New York has moved to tighten restrictions on social gatherings as a surge in Covid-19 throughout the US has led to a record number of hospitalisations and stoked fears about a resurgent wave of infections heading into the Thanksgiving holiday. 

Indoor gatherings at private residences must be limited to 10 people beginning on Friday evening, Governor Andrew Cuomo announced on Wednesday. The state had allowed gatherings of up to 50 people.

Restaurants, bars and other businesses with a liquor licence must close dine-in service each night by 10pm, after which time they will be limited to kerbside pick-up. The curfew, which begins on Friday, will also apply to gyms.

The rules come as New York confirmed 4,820 new coronavirus cases on Wednesday, the most since April, when it was hit hard by the pandemic’s initial wave. While the city had managed to bend the curve of new cases downwards since then, that trend has started to reverse, with the number of infections accelerating through October into November.

Wednesday’s order is meant to “stop the spread in response to rising COVID numbers,” the Democratic governor tweeted. “COVID is getting worse by the day. All around the country. The fall surge is here.”

Bill de Blasio, New York City’s Democratic mayor, warned earlier this week that the city was “dangerously close” to a second wave of cases and urged New Yorkers to adhere to social distancing and other safety measures to prevent a new jump that would necessitate tighter restrictions.

Neighbouring state New Jersey previously announced a similar curfew to halt indoor dining after 10pm starting on Thursday, as it grapples with a similar rise. 

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The moves come as the US tallies new coronavirus cases at a record pace across its regions. On Tuesday there were 130,989 new cases nationwide, marking the seventh day that the increase has topped 100,000 and pushing the overall number of cases since the pandemic began past 10m. 

Line chart of The seven-day average of daily confirmed cases showing New coronavirus cases in the US have accelerated

As the number of cases has increased with cooler weather setting in across the country, so have hospitalisations. The number of coronavirus hospitalisations jumped to a record 61,964, up from 59,275 on Monday, according to Covid Tracking Project data — greater than the peak seen in April, when the disease was hammering the north-east US.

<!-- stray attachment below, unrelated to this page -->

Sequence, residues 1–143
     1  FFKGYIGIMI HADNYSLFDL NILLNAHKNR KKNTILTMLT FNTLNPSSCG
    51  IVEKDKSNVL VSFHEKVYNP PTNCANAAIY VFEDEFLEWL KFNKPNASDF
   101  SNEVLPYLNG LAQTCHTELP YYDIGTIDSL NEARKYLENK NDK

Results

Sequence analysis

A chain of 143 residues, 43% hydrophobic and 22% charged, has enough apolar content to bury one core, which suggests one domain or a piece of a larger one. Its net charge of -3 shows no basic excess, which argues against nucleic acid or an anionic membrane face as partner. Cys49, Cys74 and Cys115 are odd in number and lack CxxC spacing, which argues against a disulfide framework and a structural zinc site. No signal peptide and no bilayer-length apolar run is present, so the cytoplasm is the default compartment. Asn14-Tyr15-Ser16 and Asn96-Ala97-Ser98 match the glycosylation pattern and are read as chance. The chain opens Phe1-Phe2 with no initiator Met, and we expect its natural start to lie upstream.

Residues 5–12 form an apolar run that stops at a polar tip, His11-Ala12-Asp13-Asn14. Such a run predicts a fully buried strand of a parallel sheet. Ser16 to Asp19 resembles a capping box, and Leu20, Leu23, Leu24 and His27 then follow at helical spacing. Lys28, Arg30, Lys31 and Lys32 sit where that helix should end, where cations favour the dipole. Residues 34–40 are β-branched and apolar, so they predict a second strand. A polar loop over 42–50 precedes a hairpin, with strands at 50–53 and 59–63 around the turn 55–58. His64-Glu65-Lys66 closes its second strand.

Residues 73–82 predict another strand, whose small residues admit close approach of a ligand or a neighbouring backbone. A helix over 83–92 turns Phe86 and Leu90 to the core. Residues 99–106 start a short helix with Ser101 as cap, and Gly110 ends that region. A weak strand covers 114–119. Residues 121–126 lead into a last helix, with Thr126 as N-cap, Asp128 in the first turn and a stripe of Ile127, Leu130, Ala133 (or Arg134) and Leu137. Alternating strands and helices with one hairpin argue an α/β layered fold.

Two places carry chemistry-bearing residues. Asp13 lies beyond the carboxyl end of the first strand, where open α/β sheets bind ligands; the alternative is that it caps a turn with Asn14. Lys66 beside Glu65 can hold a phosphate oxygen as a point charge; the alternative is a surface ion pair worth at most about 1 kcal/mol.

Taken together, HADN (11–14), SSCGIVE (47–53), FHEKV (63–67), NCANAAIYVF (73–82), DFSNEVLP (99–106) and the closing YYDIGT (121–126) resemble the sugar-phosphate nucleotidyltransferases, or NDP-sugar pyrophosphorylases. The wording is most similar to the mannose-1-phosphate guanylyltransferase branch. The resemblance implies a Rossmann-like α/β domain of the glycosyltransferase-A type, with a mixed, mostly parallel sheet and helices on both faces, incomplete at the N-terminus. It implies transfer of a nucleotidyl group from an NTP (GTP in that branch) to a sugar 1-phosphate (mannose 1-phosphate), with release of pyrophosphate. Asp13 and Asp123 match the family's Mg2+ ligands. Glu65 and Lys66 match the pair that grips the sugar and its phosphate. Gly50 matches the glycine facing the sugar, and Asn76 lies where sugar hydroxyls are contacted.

Texas, which is the second-most populous US state, has seen cases grow swiftly since June as part of a jump that hit it along with fellow sunbelt states Florida, Arizona and California. On Wednesday, it surpassed a total of 1m infections, according to Johns Hopkins University data, more than any other US state and many individual countries. 

Geographically, the latest rise in cases has been unsparing, with cases trending upwards in every region. Multiple states have reported record one-day hospitalisations this week, according to Covid Tracking Project data. 

In the west, Utah has declared a state of emergency and imposed a statewide mask mandate, citing overcrowded hospitals. Gary Herbert, the state’s Republican governor, called the situation “dire and unsustainable”.

Public officials are particularly concerned about the prospect of the disease spreading even more rapidly as Thanksgiving approaches, and Americans are forced to reconsider plans to travel and gather with family members to celebrate. 

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The Centers for Disease Control and Prevention has issued guidance urging that celebrations be done virtually or at limited in-person gatherings with members of the same household.

Anthony Fauci, one of the most prominent members of the White House’s coronavirus task force, underlined those concerns during an interview at the FT Live Global Pharmaceutical Summit on Wednesday, warning people to be careful about travelling and socialising if they had vulnerable family members.

The 79-year-old doctor said his daughters were not coming home because they wanted to protect him. “As much as you don’t like to say you’re elderly, well in fact I am,” he said. “We don’t want to shut down Thanksgiving, but we’re asking people to consider the risk-benefit of a large family gathering.”

Additional reporting by Hannah Kuchler

Via Financial Times